death and dying
There is only one thing about which we can be absolutely certain, and that is our own mortality.
We will not all necessarily live to a ripe old age, although many more people do than was the case fifty or so years ago, thanks to advances in medicine and, for many, improvements in diet and life style. Nowadays, the definition of where youth ends and old age begins is much more nuanced. It has partly to do with attitude to life, and to dying.
So, whatever age you are, if you have recently been diagnosed with a terminal illness, you will feel shock and perhaps a degree of anger. But the fact is, our lives could end at any time – through accidents, sudden illness, or even violence at the hands of others. In Christ, we are always living in the knowledge, but not the fear, of dying.
For someone who has Christ in their life, knowing that death is coming in the relatively near future faces that person with something they have perhaps always known but never chosen to engage with. This ‘something’ is not only the inevitability of death itself, but the reality of the presence of Jesus who is with them in the moment they are told of their condition and thereafter, up to, and into, eternity.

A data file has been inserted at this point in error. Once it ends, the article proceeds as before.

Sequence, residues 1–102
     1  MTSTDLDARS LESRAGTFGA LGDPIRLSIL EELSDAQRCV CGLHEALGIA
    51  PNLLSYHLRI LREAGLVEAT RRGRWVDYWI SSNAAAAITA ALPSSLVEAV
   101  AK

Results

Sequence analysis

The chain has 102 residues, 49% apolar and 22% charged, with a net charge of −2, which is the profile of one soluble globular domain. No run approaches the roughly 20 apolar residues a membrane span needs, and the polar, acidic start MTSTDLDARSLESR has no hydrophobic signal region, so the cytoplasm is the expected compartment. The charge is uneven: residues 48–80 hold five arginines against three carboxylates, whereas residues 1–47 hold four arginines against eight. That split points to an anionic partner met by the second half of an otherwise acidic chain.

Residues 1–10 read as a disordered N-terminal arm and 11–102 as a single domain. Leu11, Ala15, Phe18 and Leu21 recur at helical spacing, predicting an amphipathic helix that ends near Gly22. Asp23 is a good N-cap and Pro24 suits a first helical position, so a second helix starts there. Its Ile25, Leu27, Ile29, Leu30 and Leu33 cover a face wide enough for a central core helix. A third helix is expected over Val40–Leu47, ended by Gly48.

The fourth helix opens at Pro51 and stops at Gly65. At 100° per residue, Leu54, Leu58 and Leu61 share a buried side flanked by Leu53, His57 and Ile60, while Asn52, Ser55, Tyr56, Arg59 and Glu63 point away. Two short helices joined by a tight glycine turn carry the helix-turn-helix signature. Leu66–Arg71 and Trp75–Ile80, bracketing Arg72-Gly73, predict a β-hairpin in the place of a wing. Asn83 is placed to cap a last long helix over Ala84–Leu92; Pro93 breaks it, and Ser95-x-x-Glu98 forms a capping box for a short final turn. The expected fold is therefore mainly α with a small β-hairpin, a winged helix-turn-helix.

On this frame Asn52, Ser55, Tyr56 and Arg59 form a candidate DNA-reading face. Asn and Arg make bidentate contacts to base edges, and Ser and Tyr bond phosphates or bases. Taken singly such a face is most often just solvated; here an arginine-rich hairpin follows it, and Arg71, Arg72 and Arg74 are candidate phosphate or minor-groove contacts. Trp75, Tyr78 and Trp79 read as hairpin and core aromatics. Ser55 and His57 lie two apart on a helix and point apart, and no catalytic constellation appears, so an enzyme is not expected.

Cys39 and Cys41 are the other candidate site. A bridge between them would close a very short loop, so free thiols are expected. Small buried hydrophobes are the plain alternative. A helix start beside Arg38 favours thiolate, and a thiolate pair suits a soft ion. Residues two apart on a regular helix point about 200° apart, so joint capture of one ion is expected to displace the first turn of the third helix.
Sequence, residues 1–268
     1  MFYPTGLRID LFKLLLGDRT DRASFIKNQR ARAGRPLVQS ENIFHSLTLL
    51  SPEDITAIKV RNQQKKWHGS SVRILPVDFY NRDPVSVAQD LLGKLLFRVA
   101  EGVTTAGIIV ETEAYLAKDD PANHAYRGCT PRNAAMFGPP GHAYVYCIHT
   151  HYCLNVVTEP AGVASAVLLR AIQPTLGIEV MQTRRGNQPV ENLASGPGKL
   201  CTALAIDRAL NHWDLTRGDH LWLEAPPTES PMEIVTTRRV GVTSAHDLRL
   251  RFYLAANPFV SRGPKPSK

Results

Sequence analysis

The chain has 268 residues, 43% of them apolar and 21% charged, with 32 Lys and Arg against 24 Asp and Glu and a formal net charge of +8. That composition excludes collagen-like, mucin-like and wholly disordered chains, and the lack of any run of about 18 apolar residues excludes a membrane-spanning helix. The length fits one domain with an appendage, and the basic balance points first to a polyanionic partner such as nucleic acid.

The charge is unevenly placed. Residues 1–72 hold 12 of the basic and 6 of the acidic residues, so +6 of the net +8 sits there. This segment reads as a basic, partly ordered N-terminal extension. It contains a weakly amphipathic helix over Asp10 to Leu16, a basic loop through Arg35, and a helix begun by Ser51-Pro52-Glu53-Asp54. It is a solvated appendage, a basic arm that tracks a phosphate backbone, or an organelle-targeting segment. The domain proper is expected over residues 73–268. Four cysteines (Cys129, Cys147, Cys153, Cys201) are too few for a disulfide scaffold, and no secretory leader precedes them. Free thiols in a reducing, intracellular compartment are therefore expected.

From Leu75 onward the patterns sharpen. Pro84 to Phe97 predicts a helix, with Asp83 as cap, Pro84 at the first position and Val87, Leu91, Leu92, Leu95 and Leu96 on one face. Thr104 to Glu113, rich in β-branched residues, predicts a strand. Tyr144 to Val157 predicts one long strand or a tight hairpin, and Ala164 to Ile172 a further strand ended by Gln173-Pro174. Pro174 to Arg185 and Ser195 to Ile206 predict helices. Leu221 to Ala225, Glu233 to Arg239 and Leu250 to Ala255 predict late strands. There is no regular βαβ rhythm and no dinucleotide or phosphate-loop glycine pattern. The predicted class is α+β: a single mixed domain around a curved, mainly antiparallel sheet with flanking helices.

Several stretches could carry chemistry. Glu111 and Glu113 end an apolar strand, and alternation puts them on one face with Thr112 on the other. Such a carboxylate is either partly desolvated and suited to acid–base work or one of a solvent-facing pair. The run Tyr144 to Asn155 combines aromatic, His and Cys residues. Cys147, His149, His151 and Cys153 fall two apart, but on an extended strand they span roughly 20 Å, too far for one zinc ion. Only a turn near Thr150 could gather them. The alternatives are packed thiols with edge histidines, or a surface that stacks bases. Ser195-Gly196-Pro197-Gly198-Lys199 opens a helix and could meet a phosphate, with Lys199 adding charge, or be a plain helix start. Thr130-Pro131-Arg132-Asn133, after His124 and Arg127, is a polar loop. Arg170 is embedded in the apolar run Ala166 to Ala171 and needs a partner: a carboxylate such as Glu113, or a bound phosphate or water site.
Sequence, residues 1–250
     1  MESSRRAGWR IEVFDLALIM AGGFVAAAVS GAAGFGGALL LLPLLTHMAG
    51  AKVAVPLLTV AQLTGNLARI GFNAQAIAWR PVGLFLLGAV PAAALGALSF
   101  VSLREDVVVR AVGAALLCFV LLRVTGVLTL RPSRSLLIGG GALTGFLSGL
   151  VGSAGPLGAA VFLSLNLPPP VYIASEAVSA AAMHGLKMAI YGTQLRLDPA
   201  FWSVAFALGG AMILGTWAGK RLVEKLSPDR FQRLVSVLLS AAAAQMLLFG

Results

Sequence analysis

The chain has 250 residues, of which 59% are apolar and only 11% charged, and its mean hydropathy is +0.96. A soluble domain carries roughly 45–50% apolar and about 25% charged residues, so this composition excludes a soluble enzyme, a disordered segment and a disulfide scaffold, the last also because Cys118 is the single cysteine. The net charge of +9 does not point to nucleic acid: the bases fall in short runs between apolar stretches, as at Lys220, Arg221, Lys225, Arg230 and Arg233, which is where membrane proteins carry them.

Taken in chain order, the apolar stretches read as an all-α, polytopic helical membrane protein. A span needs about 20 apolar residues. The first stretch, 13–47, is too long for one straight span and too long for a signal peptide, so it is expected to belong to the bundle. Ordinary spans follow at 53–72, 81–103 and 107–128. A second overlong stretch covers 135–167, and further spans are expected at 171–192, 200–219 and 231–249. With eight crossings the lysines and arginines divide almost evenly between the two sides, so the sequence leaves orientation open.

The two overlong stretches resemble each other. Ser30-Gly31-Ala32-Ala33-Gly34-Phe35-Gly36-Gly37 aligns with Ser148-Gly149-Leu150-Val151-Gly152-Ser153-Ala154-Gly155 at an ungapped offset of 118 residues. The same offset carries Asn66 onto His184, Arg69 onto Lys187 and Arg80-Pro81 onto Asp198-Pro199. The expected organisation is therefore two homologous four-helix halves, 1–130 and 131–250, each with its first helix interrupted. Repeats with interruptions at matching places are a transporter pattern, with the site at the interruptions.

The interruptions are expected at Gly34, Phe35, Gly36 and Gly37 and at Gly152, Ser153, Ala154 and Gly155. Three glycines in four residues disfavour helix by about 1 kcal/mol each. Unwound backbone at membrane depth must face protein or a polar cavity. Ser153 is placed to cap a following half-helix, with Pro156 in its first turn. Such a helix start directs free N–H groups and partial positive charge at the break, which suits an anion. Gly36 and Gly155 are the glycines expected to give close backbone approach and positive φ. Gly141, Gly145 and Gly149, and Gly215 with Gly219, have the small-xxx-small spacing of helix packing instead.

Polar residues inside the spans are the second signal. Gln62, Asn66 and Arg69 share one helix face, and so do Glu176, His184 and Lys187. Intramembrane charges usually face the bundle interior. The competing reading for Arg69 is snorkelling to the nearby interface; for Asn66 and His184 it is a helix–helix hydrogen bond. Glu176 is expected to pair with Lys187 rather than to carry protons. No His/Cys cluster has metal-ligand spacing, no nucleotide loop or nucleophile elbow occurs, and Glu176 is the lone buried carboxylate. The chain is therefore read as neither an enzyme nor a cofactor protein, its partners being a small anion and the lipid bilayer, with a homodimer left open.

Knowing this makes it easier to begin the process of surrendering. Dying, and the ultimate moment of death, is entirely about surrender, the surrender of everything we are, everything we have been and all that we know. Death is only really frightening when this surrender takes place in uncertainty and in loneliness. Neither of these conditions are what God wants for us. He wants us to know that we are held not just by him, but in him, in his love which is as limitless and as unfathomed as eternity itself.
So, if you are facing death either for the first time, or after a painful and protracted illness try, for a minute or two, to resist the temptation to be angry or in denial. Try, instead, to connect with the knowledge that it is precisely in our dying that Christ is closest to us.